They will present on the 2020 Health and Well-Being Monitor for Snohomish County, an annual study by the Providence Institute for a Healthier Community.

The institute seeks to gauge overall health in the county by surveying those who live and work here by asking questions about six different areas: relationships, security, physical health, work and growth, neighborhood and environment, and mental and emotional health.

“It includes the impacts of the global pandemic,” said Anne Alkema, event manager for the Edge of Amazing conference. “We’re also touching on climate change, the current political environment, discrimination and social justice issues for the first time. What a difference a year can make.”

This year’s health conference also will include discussion by Paj Nandi, the director of Community Relations and Equity for the Washington State Department of Health; Mary Jane “MJ” Brell Vujovic, director of the Snohomish County Human Services Department; Jennifer Atkinson, an associate professor in environmental humanities at the University of Washington — Bothell and Dr. Kristin Conn, medical director of Equity, Inclusion and Diversity for the Washington Permanente Medical Group.

“They’ll explore emerging trends in the value of collectivism and the collective good,” said Alkema, who also serves as program manager for Providence Institute for a Healthier Community. “We’re built on this idea of the rugged individual and individual rights, but when we really look at it, these ideals are applied selectively to actually benefit and protect and serve the status quo.

”The disparities of COVID-19 and our nation’s response to systemic racism, violence and climate change have shined a bright light on the limits of individualism.”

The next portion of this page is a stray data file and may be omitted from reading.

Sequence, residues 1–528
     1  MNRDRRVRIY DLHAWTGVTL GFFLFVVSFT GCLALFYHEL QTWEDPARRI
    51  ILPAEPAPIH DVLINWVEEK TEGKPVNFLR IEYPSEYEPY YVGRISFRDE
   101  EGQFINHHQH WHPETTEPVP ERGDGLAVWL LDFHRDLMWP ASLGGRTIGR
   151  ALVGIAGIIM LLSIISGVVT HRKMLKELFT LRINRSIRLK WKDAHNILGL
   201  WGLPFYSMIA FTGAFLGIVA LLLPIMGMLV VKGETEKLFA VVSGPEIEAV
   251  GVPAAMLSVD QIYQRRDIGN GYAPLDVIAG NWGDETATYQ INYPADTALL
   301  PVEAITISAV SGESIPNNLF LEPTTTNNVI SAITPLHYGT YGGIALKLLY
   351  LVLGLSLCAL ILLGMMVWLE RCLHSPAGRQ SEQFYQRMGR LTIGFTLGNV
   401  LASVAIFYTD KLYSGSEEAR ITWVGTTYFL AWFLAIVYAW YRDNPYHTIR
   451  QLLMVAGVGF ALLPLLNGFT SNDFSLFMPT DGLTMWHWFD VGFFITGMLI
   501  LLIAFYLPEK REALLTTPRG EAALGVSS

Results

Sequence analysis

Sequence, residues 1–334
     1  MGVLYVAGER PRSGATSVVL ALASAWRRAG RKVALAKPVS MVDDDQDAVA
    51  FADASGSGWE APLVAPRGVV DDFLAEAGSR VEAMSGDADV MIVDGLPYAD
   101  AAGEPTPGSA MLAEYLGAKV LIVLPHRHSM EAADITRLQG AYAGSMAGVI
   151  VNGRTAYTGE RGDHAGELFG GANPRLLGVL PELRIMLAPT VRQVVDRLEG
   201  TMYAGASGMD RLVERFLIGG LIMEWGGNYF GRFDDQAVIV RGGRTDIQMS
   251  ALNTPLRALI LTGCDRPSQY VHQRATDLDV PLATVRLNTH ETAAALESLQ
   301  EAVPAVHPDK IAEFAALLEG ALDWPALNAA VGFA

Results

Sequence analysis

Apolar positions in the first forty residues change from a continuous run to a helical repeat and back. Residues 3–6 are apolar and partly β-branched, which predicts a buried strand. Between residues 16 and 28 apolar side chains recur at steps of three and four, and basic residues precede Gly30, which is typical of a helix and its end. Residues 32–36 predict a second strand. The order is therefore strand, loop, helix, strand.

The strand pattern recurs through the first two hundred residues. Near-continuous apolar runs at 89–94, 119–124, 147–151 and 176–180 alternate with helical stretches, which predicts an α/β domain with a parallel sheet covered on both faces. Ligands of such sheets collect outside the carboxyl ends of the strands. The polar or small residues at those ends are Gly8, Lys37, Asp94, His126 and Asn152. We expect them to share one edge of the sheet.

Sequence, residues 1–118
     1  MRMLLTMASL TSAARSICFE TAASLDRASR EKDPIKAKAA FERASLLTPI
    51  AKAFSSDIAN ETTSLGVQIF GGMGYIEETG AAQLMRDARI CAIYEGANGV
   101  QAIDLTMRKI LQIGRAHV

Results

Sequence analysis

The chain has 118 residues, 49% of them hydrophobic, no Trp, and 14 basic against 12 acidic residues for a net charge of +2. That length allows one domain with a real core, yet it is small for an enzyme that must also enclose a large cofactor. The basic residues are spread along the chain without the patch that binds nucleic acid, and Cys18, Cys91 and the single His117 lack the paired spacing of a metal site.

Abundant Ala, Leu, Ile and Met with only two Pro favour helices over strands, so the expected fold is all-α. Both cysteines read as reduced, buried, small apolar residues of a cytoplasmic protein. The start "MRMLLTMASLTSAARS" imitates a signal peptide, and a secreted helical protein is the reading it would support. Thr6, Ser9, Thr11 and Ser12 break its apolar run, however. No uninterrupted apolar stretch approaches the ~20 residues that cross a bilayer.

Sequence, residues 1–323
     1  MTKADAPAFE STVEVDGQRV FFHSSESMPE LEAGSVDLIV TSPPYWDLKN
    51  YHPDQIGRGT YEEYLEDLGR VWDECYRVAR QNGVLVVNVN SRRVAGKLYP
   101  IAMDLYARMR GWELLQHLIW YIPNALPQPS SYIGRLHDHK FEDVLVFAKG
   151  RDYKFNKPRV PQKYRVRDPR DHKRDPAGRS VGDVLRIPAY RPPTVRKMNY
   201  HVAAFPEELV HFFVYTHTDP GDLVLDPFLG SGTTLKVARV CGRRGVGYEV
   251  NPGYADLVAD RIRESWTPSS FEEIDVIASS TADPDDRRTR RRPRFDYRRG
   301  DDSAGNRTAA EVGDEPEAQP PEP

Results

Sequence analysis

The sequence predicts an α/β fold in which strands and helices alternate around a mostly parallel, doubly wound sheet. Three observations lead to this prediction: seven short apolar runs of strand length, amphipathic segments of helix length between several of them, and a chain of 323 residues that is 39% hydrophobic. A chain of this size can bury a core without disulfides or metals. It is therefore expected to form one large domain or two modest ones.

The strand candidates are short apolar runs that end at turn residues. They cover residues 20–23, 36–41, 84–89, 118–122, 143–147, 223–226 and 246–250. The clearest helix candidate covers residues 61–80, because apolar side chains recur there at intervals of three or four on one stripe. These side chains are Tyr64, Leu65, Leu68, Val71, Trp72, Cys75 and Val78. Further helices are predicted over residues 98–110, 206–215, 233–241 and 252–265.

The emcees for this year’s health summit are Daria Willis, president of Everett Community College, and Josh O’Connor, president of Sound Publishing Inc. and publisher of The Daily Herald.

Sara Bruestle: 425-339-3046; sbruestle@heraldnet.com; @sarabruestle.

If you stream

Edge of Amazing, Snohomish County’s virtual health summit, scheduled from 8 a.m. to 4 p.m. Oct. 8, will be available to watch via Bluestream. No need to worry about scheduling conflicts — all sessions will be recorded and available to stream for 30 days. Tickets are $25-$50. Register for the conference at www.edgeofamazing.org or by calling 425-528-0548. If the ticket cost is a barrier, email PIHC@providence.org to request a scholarship.

Edge of Amazing

The following is the schedule for this year’s Snohomish County health summit hosted by the Providence Institute for a Healthier Community. You’ll only get to watch two of the six scheduled workshops on Oct. 8, but all sessions will be recorded and available to stream for 30 days.

8 a.m.: Welcome and Opening Remarks by Kim Williams, CEO of Providence Health & Services for Northwest Washington

9:15 a.m.: Morning Break (Optional YMCA Self-care Video)

9:30 a.m.: “Your Well-being Is My Well-being: Are We Listening Yet?”

11 a.m.: Mid-Morning Break (Optional YMCA Self-care Video)

11:15 a.m.: “Getting Real About Housing Access and Affordability,” “Defying Despair” and “Behavioral Health in a COVID-19 Era”

12:30 p.m. Lunch Break (Optional YMCA Self-care Video)

1 p.m.: “Ijeoma Oluo: So You Want To Talk About Race”

2:30 p.m. Afternoon Break (Optional YMCA Self-care Video)

2:45 p.m.: “New Frontiers in the Opioid Epidemic,” “Confronting Climate Grief and Anxiety” and “Housing is Health — A Special Session”

3:50 p.m.: Closing Remarks by Scott Forslund, Providence Institute for a Healthier Community executive director

4 p.m.: Music YoU-ROCK Video Performance